The King was not as unaware of her activities as she had supposed. While not desiring to spend time with his wife better applied elsewhere, he felt it behooved him to be aware of all that transpired within his domicile. He had observed her going out to the stables daily, and now, watching as she again slipped inside the other structure, pondered the possibility of getting a pet for her. Not a long-lived one, he thought, for there was no saying that the next girl would be fond of it: and then, a truly novel idea struck him. He stilled, eyes brightening in thought and something near wonder at the strangeness of it. After considerable consideration, unable to think of any strong objection, he gave a nod of decision and one of his brief rare smiles flitted across his face.

• • •

"I acquired something for your entertainment, my dear," he said nonchalantly at dinner, about a week later. His retiring bride looked up enquiringly as he continued. "A creature of my own realm, in fact – sentient, but unable to speak a language you would recognize, or even hear," he added thoughtfully. "They will do for you somewhere between a pet and a… friend."

"My lord!" she uttered, deeply surprised, rather moved, and more than a bit unsure. "I – I thank you with my entire being, but my lord? I do not know that I will be able to care for this, er, creature, very well," she said hesitantly.

"That is of no concern," he dismissed, "it is of my realm as is this palace and the surrounding lands, so it will be well able to care for its own needs when not accompanying you."

She looked at him in silence for a minute, her eyes wider than usual and her face oddly blank. He raised a querying eyebrow. "You have questions?"

"It's just… I always thought you to be the King of Winter," she said quietly. "I did not realize you actually had a – land? a realm? – besides the season. Or that it was of another world," she added as an afterthought.

"A reasonable enough assumption," he replied, surprisingly personable. "I do indeed have a realm besides 'the season,' as you term it – indeed, Jack Frost holds more direct control over the season in this world than I do. In the other World, what you consider to be abstract concepts are more solid, and Winter and a realm are the same thing. It is the same with all the seasons," he expanded magnanimously, foreseeing further questions in this vein. "Other natures that are here more abstracts than absolutes, are indeed more tangible there – for instance, there are also the realms of Light, and of Shadow, and of Darkness."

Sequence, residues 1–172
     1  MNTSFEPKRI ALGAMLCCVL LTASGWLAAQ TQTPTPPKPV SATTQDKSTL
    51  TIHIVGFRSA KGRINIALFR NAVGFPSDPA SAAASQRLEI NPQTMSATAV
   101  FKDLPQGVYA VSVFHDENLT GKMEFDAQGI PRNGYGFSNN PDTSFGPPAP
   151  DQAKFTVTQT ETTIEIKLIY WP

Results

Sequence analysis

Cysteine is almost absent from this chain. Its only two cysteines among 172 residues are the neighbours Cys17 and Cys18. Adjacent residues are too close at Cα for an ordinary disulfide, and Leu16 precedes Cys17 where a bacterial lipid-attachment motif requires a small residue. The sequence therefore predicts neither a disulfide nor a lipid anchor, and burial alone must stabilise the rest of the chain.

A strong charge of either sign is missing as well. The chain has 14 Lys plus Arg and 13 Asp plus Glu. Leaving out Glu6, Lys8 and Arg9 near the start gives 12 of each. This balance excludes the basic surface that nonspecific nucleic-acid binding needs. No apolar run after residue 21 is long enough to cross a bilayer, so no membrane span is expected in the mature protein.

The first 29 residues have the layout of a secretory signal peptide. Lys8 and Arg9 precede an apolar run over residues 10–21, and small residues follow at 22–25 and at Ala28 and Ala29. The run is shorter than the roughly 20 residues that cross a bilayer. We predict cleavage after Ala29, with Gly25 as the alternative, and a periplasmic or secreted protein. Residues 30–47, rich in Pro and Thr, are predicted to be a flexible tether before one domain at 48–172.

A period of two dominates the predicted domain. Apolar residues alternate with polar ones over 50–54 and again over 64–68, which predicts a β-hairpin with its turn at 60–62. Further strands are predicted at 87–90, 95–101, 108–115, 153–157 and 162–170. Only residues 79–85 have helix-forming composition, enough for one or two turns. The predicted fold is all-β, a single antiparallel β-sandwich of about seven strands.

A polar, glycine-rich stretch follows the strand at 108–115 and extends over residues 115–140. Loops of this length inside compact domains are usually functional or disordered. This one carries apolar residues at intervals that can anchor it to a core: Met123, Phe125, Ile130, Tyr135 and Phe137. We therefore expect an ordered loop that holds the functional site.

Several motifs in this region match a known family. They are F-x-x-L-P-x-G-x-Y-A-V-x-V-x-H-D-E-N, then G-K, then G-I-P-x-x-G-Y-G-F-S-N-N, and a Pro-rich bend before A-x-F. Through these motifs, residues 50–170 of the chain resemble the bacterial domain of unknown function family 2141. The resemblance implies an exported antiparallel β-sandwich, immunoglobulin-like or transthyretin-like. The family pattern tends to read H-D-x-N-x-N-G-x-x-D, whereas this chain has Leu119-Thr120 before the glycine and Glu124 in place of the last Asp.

"Oh," she said in a small voice, considerably surprised and rather discomfited.

Sensing her discomfort, he reassured her. "It is not easy to move between the worlds; indeed, only the monarchs and those that we permit may do so freely. Whatever fairy tales humans are in the habit of telling, the monarchs of Shadow and of Darkness are no more intrinsically what you would term 'evil' than I am – though doubtless, humans see me as cruel," he said dispassionately.

"Oh no!" she interjected hastily. "Not cruel – but outside of human understanding, certainly," she finished more quietly, thoughtful.

He flicked a nod of agreement to this and continued. "Nor can any spirit cross completely freely, but must move through pre-set thinnings in the veil between worlds – portals," he explained, seeing the look of lost confusion on her face. "You'd probably know them as portals, although more precisely they are locations that overlap both worlds. This Palace is one such, although as a human, you need not fear accidentally ending up in the wrong world," he added kindly.

"That… is a relief," she said unsteadily, even more pale than usual. The King supposed, looking her over, that it was time for a change in subject.

"Come, Maiden," he said kindly, standing up from the table. "Let me present to you your new companion."

Apprehension and curiosity warring within her, she followed him out to the hall only to stop short, gasping, at the site of a mint-tinted white creature, beautifully elegant and delicately dainty, sitting neatly upright at the foot of the stairs, bushy tail swept around its tiny paws. Its ears were long, curled and pointed with an odd sphere at the tip, with dark blue edging the fur and suffusing the sphere. Its eyes were of a deep mint green and as penetrating as those of its monarch, and it studied the young woman frankly. She stared back, entranced and slightly awed.